Increasing human mobility, of which migration is a component, is a key driver of microorganism circulation. Migration is a minor component of all human mobility, with most movement due to international tourism, travel for work, business, or study, and military operations abroad. Migration flows from southern low-income countries to the industrialized north have steadily increased as a consequences of a complex array of distal and proximal factors such as economic inequality, climate change, political turbulence, war and persecution, and family reunification. This has raised concerns about the potential transmission and reintroduction of microorganisms and infectious diseases into high-income host countries from migrants with asymptomatic infections such as tuberculosis, HIV, viral hepatitis, malaria, Chagas disease, and arboviral infections. These factors contribute to the mounting hostile attitude sometimes observed in receiving countries and deserve careful scientific assessment to inform policies and interventions. The available evidence does not support the hypothesis that migrants constitute a relevant infectious public health risk for the local population, although careful epidemiological surveillance is mandatory, especially where competent vectors for specific infection are present in the destination area, where certain diseases may potentially be introduced or reintroduced. The greatest risk of infectious diseases is to the migrants themselves due to increased risk of exposure within their own communities and from the burden of undetected and untreated infections caused by marginalization and poor living conditions. The health conditions vary at the different stages of settlement and interventions need to be tailored accordingly. In the early arrival phase the main health concerns are psychological, traumatic, and chronic conditions. Crowded unhygienic living conditions often experienced by migrants in reception camps coupled with low vaccination rate may facilitate the transmission of respiratory or gastrointestinal infections or vaccine-preventable diseases. After resettlement, undetected infections and the lack of access to health care due to social marginalization may lead to the reactivation or progression of infections such as tuberculosis, viral hepatitis, HIV, and chronic helminthiasis. These outcomes could be prevented through screening and treatment and would benefit both migrants and the host populations. Pretravel interventions that increase the awareness of the possible infectious risks in their countries of origin are critical to decrease travel-related infection among visiting friends and relatives, especially those traveling with children. Migrant-friendly health systems that ensure prompt access to diagnosis and treatment, regardless of legal status, are the best interventions to limit the burden and transmission of infections in this population.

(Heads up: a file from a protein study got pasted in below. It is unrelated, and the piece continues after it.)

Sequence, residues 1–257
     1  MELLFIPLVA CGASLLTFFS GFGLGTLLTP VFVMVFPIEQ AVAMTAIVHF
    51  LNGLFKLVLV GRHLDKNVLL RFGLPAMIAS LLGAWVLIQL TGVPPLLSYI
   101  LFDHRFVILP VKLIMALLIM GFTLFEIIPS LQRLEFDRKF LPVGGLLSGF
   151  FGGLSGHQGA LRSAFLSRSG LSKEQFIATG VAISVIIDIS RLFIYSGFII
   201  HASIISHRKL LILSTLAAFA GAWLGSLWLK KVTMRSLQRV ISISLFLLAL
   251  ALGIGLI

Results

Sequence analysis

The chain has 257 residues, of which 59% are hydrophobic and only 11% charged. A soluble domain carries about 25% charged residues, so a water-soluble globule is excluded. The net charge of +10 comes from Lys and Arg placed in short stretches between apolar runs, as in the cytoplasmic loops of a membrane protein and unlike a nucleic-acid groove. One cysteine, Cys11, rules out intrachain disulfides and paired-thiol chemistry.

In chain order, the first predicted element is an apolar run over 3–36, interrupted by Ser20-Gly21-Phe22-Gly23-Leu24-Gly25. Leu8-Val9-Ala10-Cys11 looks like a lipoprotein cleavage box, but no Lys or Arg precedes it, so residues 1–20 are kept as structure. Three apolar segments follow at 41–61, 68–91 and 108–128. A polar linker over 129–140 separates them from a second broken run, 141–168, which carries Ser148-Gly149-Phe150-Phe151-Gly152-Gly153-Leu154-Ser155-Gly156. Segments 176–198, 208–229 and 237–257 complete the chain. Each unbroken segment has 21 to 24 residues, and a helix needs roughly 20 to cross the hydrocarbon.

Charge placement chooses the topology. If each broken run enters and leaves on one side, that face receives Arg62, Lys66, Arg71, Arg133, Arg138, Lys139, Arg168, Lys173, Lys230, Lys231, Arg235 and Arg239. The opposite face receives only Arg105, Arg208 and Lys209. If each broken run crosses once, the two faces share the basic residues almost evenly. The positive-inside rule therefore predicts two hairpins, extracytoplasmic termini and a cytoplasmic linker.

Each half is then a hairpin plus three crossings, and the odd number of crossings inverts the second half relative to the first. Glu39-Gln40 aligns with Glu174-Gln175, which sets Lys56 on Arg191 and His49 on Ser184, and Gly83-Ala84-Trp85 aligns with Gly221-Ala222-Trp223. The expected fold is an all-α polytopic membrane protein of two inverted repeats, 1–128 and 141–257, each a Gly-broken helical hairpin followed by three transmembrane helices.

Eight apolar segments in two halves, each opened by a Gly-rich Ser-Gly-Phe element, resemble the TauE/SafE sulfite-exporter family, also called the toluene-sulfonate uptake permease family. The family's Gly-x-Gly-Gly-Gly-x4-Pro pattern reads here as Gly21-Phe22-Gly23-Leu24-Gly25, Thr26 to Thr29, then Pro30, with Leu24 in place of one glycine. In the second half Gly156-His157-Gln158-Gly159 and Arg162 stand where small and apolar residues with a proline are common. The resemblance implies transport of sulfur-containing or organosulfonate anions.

Article

Claudia Meyer and Lindy Clemson